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1:32Changing admin Password
3:20Active Directory Authentication
2:33AD Database Hybrid
1:39AD Internal Hybrid
1:27Verifying an Authentication Profile
2:13Locking the Gateway
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Active Directory Authentication
Let's add an additional authentication profile to fetch user information from Active Directory (AD). This video explains the Domain and LDAP settings, and using SSO (Single Sign On) and enabling it in each project. Active Directory Groups are used as Ignition's roles and user-role mappings.
Video recorded using: Ignition 7.9
Transcript(open in window)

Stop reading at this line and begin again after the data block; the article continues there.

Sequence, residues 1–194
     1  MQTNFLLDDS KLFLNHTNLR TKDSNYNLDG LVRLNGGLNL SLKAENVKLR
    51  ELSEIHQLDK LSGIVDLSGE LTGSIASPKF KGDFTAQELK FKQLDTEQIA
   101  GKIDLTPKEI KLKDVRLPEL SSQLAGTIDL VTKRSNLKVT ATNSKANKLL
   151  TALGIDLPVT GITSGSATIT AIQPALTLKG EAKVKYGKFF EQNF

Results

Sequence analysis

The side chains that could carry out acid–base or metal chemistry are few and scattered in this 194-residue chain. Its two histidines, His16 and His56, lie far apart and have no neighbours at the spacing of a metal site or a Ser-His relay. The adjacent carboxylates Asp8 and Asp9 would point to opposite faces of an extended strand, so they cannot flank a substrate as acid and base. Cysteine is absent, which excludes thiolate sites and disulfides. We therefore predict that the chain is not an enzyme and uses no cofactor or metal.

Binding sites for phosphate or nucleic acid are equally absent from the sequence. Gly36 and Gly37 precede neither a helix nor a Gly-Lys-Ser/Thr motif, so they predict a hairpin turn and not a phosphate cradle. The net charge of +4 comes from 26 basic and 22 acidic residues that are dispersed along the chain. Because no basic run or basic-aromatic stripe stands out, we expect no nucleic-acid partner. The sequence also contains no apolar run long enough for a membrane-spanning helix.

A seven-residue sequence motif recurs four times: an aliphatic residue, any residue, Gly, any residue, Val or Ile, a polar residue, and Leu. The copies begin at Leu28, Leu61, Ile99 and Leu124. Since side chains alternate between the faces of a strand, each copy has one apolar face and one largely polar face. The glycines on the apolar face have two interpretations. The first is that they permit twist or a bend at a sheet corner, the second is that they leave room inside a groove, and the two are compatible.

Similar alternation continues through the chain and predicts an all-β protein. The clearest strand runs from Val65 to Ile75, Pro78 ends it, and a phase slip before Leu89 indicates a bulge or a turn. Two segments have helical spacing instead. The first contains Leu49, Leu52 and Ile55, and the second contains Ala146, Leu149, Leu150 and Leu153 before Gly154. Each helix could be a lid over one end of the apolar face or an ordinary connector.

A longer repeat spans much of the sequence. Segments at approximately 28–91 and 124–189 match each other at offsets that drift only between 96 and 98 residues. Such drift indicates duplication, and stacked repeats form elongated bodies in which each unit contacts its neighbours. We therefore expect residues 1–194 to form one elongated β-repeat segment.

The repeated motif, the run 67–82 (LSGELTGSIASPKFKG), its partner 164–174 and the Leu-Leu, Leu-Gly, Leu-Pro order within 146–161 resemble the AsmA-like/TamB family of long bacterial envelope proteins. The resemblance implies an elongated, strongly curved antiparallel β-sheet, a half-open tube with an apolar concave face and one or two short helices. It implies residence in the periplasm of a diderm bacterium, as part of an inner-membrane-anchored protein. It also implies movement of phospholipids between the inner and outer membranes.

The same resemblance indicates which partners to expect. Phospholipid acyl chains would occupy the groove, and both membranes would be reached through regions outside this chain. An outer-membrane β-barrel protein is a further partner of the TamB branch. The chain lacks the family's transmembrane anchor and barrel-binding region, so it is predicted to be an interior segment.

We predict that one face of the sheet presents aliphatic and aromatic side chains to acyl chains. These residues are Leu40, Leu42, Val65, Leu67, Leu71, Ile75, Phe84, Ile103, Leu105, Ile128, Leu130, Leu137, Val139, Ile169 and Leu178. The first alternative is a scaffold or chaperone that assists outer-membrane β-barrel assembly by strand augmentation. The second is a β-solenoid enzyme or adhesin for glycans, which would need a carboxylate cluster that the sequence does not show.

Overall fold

[00:00] An active directory user source allows you to connect Ignition to a current active directory system. This allows you to authenticate users in Ignition against an active directory system that you may already be using within your company. Let's take a look at how we might set up one of these active directory user sources. We start out in the configure section of the gateway webpage, and we need to go to the users and roles page under security. Here we see a list of all of our current users sources and we want to click the create new user source link down at the bottom of the page. Here we can ensure that we have the Active Directory type selected and then scroll down and hit the next button. Here we have a list of properties that we can use to configure our user source. We can give our new user source a name, and we can also configure certain things like a failover source or setting whether we want it to restrict users based on their schedule. These properties work in much the same way that they do with other user sources. If we scroll down a little further, we get to that active directory properties section, where we can configure the majority of our user source. We can set things like the domain for our active directory server, as well as a username and password. Note that this username and password is not the same credentials that you use to log in to the Ignition Gateway, but it is instead the credentials that you use to log in to your active directory system. If we scroll down a little further, we can then set a host name for primary and secondary domain controller. We can also choose to enable single sign-on, or SSO, and specify an SSO domain. For SSO to work properly, you do have to enable it on a project by project basis, but we'll go over that in a minute. Now if we click the check box to show advance properties, we get a large list of new properties, which allow us to customize how our active directory user source works. These allow you to restrict who in your active directory system has access to Ignition. Now, it's important to note that all of these settings, including the ones we discussed before, are going to be unique to your active directory system. Because of this, we recommend talking to either your IT Department, or whoever set up and managed your active directory system, and work with them to ensure that you get all the right settings into your active directory user source. Once everything is set up properly, we can then scroll all the way down to the bottom of the page, and click on the create new user source button. Now the last thing I want to talk about is using SSO within your projects. We first have to enable SSO here within our user source, but we also have to make a change to each individual project. So let's take a look at a designer to see how that works. Here in my project, I need to go up to the project properties and then locate the login section under client. At the bottom of this section, I can choose to enable SSO login for this project. I would need to make sure I enable this setting for every project that I want to use SSO with.